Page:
For the rail industry, how to replace the ageing GSM-R radio networks is an ever-present challenge. Thoughts over the past ten years have progressed from 3G to 4G LTE but increasingly nowadays to the prospect of the soon to emerge 5G technology. With its huge increase in data capacity, a 5G rail network should be able to meet all rail usage requirements including operational, commercial and passenger communication needs.

A paper given to the IRSE back in December 2017 jointly by Rail Engineer writers Clive Kessell and Paul Darlington looked at the options for replacing GSM-R and concluded that 5G was likely to be the solution when GSM-R obsolescence becomes a real problem in the mid-2020s.

But just how far off is a general roll out of 5G networks? A recent seminar held in London organised and hosted by Cambridge Wireless explored the present position from three different perspectives:

  • A mobile operator’s view;
  • The emerging business models and trends;
  • An equipment provider’s view.

From these emerged some surprising elements and it is clear that a number of conflicts of interest remain to be resolved before, and indeed if, a united view can be agreed as to how 5G should be structured.

The seminar focussed primarily on the forthcoming 5G public networks, and there was little mention of ‘mission critical’ services on which the railway and other industries such as the armed forces, the emergency services, nuclear power generation, essential utilities and others would need to be reassured. Nonetheless, the challenges within the public offering will have a bearing on how mission-critical services are structured if 5G is to be the technology of choice.

5G vision and characteristics

The advent of 5G goes hand in hand with IT developments that require reliable and high bandwidth connectivity. Foremost of these is the Internet of Things (IoT), but also the insatiable demand from the user community for ever-more applications to be available to end user devices. These culminate in a system that aims to provide i) between 10 and 100 times more connected devices, ii) 1000 times more data volumes, iii) up to 100 times end user data rates. Connectivity of 10Gbit to end devices is a possibility.

To fulfil this, the vision is for a cloud computing architecture with software-defined networking. A Centralised Radio Access Network (C-RAN) would enable all suppliers to access the cloud using clusters of LTE base stations. Uplink signals from multiple base stations optimise network configuration by selecting the best signals at a number of receivers, thus minimising the effect of interference from other operators.

Virtual networks for different user groups are capable of being created, by the concept of ‘network slicing’, to enable a degree of separation within the cloud. Small cells are envisaged, which not only means much-improved radio connectivity within buildings but would allow end user devices to connect directly with each other. This aligns with the concept of ‘mobile edge computing’ that pushes the core functionality out to cell sites. User equipment would typically connect to multiple cells.

All of this requires radio spectrum, meaning that ever-higher frequencies are needed to fulfil the need – typically between 20 and 60GHz will be allocated.

5G technology development is substantially completed (up to release 15 on the standardisation programme with release 17 seen as the effective end point) and has reached the point whereby equipment will shortly be produced commercially.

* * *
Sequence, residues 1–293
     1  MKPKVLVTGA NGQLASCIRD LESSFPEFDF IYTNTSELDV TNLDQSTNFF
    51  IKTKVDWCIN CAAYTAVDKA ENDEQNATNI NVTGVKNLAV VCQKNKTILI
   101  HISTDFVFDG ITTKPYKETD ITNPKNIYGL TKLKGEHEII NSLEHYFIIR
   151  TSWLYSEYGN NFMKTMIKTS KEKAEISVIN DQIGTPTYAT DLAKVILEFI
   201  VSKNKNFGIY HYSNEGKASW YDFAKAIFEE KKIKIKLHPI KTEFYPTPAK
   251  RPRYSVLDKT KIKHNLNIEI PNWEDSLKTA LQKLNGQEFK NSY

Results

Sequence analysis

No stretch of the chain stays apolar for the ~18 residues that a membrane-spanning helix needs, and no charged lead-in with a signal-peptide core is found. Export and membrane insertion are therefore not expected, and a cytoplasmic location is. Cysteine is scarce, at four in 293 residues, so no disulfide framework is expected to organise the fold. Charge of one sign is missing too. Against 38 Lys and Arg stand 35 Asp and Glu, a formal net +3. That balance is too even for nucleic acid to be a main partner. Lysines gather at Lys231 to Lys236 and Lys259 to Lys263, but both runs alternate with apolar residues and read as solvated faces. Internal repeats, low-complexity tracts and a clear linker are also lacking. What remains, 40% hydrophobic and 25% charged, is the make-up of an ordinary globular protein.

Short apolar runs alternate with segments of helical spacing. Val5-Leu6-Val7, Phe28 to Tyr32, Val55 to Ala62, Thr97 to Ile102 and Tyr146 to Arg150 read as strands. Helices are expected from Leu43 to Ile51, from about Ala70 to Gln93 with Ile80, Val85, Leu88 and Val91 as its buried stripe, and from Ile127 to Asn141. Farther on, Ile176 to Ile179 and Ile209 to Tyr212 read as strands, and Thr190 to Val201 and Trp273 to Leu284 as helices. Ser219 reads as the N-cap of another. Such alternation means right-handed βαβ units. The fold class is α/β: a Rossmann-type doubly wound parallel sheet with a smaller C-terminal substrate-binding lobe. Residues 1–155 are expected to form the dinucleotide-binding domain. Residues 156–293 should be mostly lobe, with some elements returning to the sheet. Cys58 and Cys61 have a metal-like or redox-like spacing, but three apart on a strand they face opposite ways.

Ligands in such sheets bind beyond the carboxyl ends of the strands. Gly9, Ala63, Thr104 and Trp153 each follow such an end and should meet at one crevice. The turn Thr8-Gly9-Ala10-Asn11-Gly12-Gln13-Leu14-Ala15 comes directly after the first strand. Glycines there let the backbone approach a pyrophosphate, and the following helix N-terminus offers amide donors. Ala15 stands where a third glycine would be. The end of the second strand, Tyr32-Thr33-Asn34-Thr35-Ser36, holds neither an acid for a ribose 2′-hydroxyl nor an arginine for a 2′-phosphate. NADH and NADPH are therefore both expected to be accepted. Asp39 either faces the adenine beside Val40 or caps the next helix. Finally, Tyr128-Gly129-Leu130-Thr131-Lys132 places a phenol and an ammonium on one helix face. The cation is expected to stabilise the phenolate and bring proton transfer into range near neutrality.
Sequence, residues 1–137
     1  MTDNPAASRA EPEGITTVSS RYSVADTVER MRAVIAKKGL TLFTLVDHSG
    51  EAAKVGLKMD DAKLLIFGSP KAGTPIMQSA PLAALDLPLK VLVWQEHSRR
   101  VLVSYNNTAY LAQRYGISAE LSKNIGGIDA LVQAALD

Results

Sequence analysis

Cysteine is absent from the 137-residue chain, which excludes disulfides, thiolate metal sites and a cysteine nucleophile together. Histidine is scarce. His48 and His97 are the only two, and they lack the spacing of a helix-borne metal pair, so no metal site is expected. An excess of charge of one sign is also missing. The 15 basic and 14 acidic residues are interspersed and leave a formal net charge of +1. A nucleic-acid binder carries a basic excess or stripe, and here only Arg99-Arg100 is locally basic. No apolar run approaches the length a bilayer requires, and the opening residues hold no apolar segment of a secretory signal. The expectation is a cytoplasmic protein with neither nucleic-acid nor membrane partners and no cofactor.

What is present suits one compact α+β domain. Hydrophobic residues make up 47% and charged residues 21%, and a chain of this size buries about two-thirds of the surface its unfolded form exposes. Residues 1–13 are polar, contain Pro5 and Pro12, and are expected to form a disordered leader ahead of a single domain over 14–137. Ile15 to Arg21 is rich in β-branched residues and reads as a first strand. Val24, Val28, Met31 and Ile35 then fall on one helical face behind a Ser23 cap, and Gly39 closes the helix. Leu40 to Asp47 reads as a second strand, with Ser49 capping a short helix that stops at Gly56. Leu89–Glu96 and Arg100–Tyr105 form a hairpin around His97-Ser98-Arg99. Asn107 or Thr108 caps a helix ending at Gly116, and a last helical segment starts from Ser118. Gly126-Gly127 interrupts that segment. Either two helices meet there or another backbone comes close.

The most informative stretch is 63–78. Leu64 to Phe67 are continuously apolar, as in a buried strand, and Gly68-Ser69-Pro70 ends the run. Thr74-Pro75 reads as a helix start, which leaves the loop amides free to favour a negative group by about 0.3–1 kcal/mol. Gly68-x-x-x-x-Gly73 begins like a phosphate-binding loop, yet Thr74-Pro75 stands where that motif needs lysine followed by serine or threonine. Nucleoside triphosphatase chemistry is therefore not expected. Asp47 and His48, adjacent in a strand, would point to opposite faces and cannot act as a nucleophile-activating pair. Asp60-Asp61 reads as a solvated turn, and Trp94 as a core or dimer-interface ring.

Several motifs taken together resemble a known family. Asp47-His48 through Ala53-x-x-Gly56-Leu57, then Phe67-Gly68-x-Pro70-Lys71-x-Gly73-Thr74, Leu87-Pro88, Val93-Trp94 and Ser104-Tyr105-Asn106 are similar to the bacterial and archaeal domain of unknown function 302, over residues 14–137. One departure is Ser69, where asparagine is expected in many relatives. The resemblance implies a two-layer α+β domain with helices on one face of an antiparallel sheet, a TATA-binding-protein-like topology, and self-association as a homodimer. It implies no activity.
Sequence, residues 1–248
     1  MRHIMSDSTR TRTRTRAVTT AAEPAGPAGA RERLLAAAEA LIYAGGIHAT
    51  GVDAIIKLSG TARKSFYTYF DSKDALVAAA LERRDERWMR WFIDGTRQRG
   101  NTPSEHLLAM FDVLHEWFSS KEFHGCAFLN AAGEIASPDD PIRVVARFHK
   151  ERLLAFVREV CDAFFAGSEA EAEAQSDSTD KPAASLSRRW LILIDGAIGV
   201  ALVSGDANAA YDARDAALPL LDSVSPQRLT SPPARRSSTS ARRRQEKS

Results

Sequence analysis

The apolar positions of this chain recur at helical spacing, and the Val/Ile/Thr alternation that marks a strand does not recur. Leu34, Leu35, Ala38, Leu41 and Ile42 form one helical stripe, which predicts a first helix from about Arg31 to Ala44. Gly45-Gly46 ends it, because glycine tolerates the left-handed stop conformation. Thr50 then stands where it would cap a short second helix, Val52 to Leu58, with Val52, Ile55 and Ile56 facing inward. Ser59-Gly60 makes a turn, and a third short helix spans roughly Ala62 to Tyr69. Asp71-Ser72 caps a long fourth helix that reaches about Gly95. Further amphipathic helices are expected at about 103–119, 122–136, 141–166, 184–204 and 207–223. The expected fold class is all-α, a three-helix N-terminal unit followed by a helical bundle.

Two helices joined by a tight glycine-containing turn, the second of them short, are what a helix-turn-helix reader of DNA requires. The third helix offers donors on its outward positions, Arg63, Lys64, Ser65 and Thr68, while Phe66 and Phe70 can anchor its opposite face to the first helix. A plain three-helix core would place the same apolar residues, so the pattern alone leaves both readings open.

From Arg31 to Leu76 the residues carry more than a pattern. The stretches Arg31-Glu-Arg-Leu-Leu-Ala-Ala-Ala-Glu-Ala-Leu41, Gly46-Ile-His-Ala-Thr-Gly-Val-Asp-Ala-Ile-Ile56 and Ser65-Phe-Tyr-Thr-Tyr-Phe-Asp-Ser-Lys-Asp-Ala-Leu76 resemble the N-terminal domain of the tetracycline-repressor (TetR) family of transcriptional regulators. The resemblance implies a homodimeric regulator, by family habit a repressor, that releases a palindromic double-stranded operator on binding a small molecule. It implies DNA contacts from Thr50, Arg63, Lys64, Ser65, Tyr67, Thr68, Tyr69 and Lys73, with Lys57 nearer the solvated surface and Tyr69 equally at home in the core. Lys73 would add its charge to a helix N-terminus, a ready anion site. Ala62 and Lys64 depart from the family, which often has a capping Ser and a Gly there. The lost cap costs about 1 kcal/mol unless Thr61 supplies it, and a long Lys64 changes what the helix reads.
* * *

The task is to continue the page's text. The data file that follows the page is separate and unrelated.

A mobile operator’s view

The BT/EE view, as put forward by Philip Bridge who has responsibility for network architecture, shares the vision for what 5G is capable of offering but has significant doubts as to how this will be realised. A new core will be needed to achieve the benefits of infrastructure decoupling, virtualisation within the cloud and the introduction of new services. 5G is being considered in three different ways; a ‘Network View’ a ‘Functional View’ and a ‘Deployment View’.

How to integrate these three perspectives is potentially very difficult. Currently, a silo mentality prevails in the supplier community, thus making development of a ‘common cloud’ something of an alien culture. There will also be a need to integrate 5G with the ‘long tail’ of legacy equipment in 2G, 3G and 4G networks and provide roaming between all of them. The need for interworking boxes may have to be considered although this is not a desirable way forward.

4G networks are already being built on a 5G basis, thus making the eventual solution easier. Even if established, the instrumentation and training required to achieve excellent network performance is not easy with a cloud-based architecture. Methods used today for network monitoring will not work for the 5G vision and thus a transition has to happen, but with no means of knowing how this can be achieved.

It is considered that very few vendors have the stature to build a network of this type and a multi-vendor solution may have to be forced by some form of legislation. Infrastructure sharing is a likely way forward with ‘Telco Grade’ networks setting the required standard. A combined service orchestration to break up the silos with a simpler but more stable architecture will need putting in place.

The goal is full interoperability between vendors A, B and C in both hardware and software, which will be difficult to mandate and manage in terms of who would be in control of exactly what. If not executed properly, matters may become worse when compared to the present service provision, particularly in terms of faulting, maintenance and associated payments.